After a fantastic early morning at Sydney's Fish Markets in Pyrmont, Head Chef Jesse McTavish shares his tips and tricks for choosing the best fish. He says his first and most important step in choosing fish, is to establish a relationship with your fishmonger or supplier, who can advise you on what is freshest, local and in season. 




What do you look for in a really good fish?

This might sound strange but the first thing you should look for is that the fish has its head! So much about the age and quality of the fish is told by indicators on the head. Always look for bright, full and clear eyes. The flesh should be firm to touch and ideally in rigor mortis stage. It should have a fresh ocean/seaweed smell, depending on the species. 
Mulloway, for example, should smell like fresh kelp or seaweed - just like a stirred up ocean in a big swell. The gills, if still intact, should be bright red from oxidation. Salmon and trout should have a good coating of slime on the skin to show that they haven’t been washed with fresh water. No saltwater fish should have contact with fresh water.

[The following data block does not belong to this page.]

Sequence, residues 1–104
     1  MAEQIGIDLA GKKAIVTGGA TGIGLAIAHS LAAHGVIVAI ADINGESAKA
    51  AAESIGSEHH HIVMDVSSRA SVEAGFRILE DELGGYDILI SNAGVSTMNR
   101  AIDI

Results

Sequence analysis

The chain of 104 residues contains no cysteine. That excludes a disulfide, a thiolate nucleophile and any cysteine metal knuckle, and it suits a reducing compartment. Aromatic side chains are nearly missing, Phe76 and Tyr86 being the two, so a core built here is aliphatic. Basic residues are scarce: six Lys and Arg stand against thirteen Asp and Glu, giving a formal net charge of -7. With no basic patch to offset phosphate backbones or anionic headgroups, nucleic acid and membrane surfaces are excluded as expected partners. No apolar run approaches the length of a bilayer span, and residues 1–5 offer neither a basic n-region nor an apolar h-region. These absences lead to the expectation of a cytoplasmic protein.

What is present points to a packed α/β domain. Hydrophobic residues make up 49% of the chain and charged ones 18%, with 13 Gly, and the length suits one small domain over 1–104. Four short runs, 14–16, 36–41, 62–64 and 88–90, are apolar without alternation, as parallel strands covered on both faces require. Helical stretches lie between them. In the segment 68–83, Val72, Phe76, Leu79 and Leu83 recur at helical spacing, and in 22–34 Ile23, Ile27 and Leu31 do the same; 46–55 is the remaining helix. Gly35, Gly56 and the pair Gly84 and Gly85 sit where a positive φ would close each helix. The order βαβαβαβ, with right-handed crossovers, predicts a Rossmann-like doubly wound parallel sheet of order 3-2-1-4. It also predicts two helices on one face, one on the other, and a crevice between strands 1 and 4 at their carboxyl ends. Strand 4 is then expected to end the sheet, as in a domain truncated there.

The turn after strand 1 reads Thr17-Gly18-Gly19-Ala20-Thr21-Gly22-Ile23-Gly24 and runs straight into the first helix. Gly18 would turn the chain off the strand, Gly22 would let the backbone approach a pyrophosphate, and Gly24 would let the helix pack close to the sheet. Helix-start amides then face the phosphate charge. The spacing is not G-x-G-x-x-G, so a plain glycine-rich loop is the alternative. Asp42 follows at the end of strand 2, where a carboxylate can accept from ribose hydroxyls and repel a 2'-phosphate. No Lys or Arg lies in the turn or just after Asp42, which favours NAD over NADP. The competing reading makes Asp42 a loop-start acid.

What are your top tips for selecting fish at the market? What do you look for? 

I look for something interesting and/or underrated. Some good examples are mullet, tailor, bream, yellow eye mullet, Australian Salmon, leatherjacket, wrasse, amberjack and wahoo. These are usually in smaller numbers and overlooked by the majority so their price point is lower and generally speaking they’re fresher because of the lower numbers. I will always look for the hallmarks of freshness and quality first though. 



When you're choosing dishes for the North Bondi fish menu, do you look at using a range of fish/seafood or are you guided simply by the seasons and what the waters bring?  

We balance our selections on season, species, brand, price point, variety and personal favourites. I receive a phone call from the markets each day letting me know what fish are being caught and what is quality. 

I also understand that there are certain times of the year that some seafood is in higher demand, and jumping on that trend is good for business (eg prawns at Christmas time). We do try to tactfully educate our guests as much as possible in regards to the ‘brands’ of fishing, and how we can work together to keep our fisheries sustainable. For example, flathead and snapper are powerful brands in the industry and will always be top sellers. But it’s worth trying to educate our diners that there are other fish that taste even better that those two without the price tag and the potential for overfishing to match. Quite often I will run with a fish that I simply just enjoy cooking and eating.